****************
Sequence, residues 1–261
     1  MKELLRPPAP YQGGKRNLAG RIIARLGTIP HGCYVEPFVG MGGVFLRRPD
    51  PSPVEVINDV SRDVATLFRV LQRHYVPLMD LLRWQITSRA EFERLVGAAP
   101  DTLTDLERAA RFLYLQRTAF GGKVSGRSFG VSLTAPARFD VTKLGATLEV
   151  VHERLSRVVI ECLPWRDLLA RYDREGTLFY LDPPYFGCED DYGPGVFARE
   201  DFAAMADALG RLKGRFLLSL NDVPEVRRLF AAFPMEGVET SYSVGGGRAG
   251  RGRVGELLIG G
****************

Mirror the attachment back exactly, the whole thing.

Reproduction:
Sequence, residues 1–261
     1  MKELLRPPAP YQGGKRNLAG RIIARLGTIP HGCYVEPFVG MGGVFLRRPD
    51  PSPVEVINDV SRDVATLFRV LQRHYVPLMD LLRWQITSRA EFERLVGAAP
   101  DTLTDLERAA RFLYLQRTAF GGKVSGRSFG VSLTAPARFD VTKLGATLEV
   151  VHERLSRVVI ECLPWRDLLA RYDREGTLFY LDPPYFGCED DYGPGVFARE
   201  DFAAMADALG RLKGRFLLSL NDVPEVRRLF AAFPMEGVET SYSVGGGRAG
   251  RGRVGELLIG G